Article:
|Publication number||US7653690 B2|
|Application number||US 10/559,714|
|Publication date||Jan 26, 2010|
|Filing date||Jun 5, 2003|
|Priority date||Jun 5, 2003|
|Also published as||CN1860463A, EP1636707A1, US20080059585, WO2004109533A1|
|Publication number||10559714, 559714, PCT/2003/17711, PCT/US/2003/017711, PCT/US/2003/17711, PCT/US/3/017711, PCT/US/3/17711, PCT/US2003/017711, PCT/US2003/17711, PCT/US2003017711, PCT/US200317711, PCT/US3/017711, PCT/US3/17711, PCT/US3017711, PCT/US317711, US 7653690 B2, US 7653690B2, US-B2-7653690, US7653690 B2, US7653690B2|
|Inventors||Allan J. Block|
|Original Assignee||Block Communications, Inc.|
|Export Citation||BiBTeX, EndNote, RefMan|
|Patent Citations (11), Referenced by (2), Classifications (8), Legal Events (4)|
|External Links: USPTO, USPTO Assignment, Espacenet|
The present invention relates generally to a method and a system for creating and delivering electronic postcards.
Electronic communication has provided new ways to communicate greetings and short messages that typically are sent on cards such as greeting cards and postcards. In order to send a card, one must find a place to purchase the card, a postage stamp to affix to the card and a post office at which to mail the card. When one is travelling in an unfamiliar location, the steps associated with sending a card are particularly difficult.
Currently, a number of vendors maintain web sites that enable a person to create and send an electronic “greeting card” via e-mail. Such web sites provide a plurality of “cards” each having graphics and an associated message to which the sender can add a typed personal message. Typically, there are available a relatively small selection of “standard cards” and a larger selection of “premium cards” available to registered “members”. The sender provides an e-mail address for the addressee and the vendor associated with the web site transmits the “greeting card”. The vendor may send a confirmation (delivery or non-delivery) to an e-mail address provided by the sender. However, such systems require the sender have access to and operate an Internet connected computer, and the sender must provide personal information and a credit card number to access the “premium cards”.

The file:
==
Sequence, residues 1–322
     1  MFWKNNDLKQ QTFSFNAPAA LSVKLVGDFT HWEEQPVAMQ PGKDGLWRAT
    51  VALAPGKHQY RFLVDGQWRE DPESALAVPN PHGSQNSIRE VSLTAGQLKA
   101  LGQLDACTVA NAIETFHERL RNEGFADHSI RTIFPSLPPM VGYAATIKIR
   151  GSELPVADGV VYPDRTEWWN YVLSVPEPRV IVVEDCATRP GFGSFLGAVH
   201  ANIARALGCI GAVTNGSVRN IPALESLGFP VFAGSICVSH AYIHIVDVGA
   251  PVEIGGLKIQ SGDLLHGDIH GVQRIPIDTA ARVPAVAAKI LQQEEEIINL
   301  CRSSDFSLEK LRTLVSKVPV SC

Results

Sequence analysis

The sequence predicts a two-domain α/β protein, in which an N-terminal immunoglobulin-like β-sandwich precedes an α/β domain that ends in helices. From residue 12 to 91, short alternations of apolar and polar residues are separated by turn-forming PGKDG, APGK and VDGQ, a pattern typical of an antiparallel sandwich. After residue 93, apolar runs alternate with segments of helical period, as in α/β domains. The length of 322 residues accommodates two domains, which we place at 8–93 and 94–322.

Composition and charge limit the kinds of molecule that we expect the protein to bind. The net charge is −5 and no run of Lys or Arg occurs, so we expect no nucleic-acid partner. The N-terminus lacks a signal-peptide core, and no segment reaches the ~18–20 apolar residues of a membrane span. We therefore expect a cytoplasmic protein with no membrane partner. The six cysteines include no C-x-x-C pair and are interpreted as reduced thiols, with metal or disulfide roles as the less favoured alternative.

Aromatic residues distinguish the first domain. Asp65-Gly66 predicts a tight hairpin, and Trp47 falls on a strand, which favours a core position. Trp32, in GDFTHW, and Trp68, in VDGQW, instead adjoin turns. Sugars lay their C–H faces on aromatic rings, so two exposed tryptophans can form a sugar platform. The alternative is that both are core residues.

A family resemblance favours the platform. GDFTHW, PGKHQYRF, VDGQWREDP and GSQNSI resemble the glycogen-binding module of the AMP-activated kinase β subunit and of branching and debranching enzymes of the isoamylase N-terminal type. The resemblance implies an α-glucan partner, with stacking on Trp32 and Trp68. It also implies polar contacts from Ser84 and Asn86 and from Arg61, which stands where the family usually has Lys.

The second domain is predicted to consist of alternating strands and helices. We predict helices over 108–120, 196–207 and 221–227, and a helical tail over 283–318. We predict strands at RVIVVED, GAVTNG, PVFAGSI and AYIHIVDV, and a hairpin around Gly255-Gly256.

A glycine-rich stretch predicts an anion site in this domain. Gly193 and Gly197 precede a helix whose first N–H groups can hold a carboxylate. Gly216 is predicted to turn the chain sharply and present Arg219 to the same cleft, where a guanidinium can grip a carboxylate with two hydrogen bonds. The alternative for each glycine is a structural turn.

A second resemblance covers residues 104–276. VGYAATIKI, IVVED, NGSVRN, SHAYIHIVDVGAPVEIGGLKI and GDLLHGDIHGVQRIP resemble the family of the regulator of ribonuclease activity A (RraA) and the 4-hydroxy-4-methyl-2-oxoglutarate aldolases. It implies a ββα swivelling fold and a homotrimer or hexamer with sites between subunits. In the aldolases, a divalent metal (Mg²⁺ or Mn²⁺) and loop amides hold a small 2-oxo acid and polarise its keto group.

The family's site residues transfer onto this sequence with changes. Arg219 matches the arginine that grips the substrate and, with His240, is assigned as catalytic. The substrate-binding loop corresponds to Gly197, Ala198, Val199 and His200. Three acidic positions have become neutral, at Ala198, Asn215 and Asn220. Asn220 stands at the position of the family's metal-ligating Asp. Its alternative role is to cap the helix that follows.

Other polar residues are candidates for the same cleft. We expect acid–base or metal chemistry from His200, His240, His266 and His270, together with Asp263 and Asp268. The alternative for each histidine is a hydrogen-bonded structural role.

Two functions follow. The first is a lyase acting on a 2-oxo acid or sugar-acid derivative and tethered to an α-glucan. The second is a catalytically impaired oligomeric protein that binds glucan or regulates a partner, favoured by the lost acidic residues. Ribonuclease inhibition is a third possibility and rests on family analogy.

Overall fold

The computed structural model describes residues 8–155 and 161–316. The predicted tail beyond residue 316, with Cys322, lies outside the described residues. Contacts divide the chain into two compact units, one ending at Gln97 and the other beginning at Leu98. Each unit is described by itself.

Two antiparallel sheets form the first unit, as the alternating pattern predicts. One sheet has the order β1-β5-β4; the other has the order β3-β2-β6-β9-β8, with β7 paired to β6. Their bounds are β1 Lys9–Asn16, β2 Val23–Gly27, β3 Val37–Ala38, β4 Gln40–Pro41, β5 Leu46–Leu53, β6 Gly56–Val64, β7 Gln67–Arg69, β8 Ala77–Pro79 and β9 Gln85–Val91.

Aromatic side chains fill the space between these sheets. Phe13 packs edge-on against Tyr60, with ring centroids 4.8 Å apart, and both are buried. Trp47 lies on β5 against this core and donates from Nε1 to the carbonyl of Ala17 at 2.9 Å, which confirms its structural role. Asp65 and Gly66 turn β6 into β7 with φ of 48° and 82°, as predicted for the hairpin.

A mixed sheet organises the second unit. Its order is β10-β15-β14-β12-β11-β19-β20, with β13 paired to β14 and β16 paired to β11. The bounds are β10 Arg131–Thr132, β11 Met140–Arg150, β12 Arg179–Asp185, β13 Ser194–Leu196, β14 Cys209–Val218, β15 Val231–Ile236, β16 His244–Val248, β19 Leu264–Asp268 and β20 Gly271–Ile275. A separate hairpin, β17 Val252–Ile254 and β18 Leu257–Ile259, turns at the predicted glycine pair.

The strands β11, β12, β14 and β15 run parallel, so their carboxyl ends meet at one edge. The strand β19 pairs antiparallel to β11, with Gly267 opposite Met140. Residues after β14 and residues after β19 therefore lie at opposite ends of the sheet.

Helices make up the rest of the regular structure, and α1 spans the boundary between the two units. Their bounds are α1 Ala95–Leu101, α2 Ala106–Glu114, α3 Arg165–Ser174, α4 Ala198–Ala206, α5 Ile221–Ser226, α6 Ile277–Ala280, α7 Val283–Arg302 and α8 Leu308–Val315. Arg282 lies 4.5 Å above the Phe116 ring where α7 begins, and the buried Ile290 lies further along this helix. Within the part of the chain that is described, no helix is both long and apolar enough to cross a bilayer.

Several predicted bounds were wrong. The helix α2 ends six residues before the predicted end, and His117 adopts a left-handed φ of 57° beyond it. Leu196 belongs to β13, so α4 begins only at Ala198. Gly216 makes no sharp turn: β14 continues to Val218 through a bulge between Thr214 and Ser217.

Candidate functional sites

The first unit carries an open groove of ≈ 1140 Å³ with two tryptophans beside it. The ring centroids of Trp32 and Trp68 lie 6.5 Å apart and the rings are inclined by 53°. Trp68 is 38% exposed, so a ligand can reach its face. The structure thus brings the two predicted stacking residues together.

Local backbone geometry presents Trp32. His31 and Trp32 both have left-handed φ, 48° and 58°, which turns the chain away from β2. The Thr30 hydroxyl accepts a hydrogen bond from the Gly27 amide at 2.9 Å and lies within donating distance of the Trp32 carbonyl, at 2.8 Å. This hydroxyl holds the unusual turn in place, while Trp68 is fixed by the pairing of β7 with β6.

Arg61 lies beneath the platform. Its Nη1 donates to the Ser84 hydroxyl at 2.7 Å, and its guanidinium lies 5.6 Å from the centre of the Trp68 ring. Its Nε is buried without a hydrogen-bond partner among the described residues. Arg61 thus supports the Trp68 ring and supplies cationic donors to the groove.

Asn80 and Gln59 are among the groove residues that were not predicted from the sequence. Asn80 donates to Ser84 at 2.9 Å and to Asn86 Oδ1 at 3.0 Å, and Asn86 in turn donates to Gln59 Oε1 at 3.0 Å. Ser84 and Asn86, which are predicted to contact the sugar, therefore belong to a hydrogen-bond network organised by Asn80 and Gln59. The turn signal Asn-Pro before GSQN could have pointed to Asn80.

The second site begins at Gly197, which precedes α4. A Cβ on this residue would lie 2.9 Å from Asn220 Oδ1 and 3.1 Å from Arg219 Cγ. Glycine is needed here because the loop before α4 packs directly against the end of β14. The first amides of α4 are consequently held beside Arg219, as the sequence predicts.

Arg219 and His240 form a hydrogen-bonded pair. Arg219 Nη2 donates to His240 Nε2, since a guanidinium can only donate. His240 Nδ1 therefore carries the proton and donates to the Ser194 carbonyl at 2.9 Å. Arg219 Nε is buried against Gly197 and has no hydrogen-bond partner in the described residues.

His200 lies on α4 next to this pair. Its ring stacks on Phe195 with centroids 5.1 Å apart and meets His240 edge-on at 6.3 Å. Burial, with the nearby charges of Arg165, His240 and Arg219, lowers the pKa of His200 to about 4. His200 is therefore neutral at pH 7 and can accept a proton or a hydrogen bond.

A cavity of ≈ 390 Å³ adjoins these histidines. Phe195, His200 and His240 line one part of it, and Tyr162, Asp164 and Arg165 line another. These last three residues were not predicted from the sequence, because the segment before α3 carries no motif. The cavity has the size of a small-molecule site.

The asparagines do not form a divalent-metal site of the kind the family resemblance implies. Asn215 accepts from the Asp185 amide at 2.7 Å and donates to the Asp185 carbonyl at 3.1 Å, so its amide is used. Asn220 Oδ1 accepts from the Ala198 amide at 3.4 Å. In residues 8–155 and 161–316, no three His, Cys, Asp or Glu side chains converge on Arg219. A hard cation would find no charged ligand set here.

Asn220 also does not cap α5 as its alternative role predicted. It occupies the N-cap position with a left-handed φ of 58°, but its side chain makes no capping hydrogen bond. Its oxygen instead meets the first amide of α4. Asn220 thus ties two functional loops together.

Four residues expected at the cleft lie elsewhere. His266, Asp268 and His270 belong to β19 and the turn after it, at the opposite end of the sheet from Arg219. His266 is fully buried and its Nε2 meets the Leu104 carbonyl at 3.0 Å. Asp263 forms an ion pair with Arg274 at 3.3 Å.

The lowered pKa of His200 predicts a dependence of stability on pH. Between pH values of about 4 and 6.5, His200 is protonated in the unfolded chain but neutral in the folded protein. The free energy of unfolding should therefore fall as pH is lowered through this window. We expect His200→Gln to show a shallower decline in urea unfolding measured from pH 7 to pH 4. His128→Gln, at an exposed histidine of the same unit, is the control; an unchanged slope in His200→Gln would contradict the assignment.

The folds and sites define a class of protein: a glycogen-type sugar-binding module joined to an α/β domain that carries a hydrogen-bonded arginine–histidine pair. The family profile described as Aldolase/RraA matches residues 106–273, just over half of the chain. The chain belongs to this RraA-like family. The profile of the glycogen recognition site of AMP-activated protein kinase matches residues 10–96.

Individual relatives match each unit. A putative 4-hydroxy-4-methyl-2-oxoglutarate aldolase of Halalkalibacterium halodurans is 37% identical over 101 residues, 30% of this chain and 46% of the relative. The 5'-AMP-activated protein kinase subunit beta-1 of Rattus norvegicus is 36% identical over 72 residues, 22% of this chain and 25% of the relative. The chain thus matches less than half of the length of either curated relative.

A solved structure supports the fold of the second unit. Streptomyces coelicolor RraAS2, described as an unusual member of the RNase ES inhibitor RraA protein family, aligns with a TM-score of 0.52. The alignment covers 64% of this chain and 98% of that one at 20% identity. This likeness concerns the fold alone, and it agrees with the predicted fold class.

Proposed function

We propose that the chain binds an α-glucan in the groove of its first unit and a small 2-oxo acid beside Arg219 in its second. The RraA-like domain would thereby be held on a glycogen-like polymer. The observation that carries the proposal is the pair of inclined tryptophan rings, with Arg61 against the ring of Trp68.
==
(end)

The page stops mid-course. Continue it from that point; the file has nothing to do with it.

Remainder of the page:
The U.S. Pat. No. 5,343,386 shows an apparatus housed in a booth for producing printed postcards incorporating a self-portrait of the sender with a selected one of several standard pictorial backgrounds. A cash-receiving device, a video camera, a monitor and background selection buttons are connected to a computer that controls the operation of the apparatus.
The U.S. Pat. No. 5,587,740 shows a kiosk equipped with a digital camera for taking a photograph of a user in front of a scenic attraction. The kiosk also includes a computer, a credit card reader, a telephone connection and a color printer.
The U.S. Pat. No. 6,018,774 shows a system for creating an electronic postcard incorporating a user supplied image and optional text, such as a handwritten message, and sending a notification with an identifier to a recipient. The recipient must access a server with the identifier to view and print the postcard.
The U.S. Pat. No. 6,161,131 and the related U.S. Pat. No. 6,370,568 show an apparatus for creating a digital postcard and sending the postcard to a recipient via the Internet. The apparatus includes a digital camera for generating an image that is combined with a selected postcard template including geographical information overlaid on the image.
The present invention concerns a method and an apparatus for communicating with electronic postcards including: providing a server for processing electronic postcards; selecting at least one input site remote from the server; establishing a verified communication link between the at least one input site and the server; providing a sender input device at the at least one input site for receiving input information from a sender, the request including an addressee e-mail address; inputting sender information to the input device; generating an electronic postcard from the sender information; and transmitting the electronic postcard from the at least one input site to the server and from the server to the addressee e-mail address.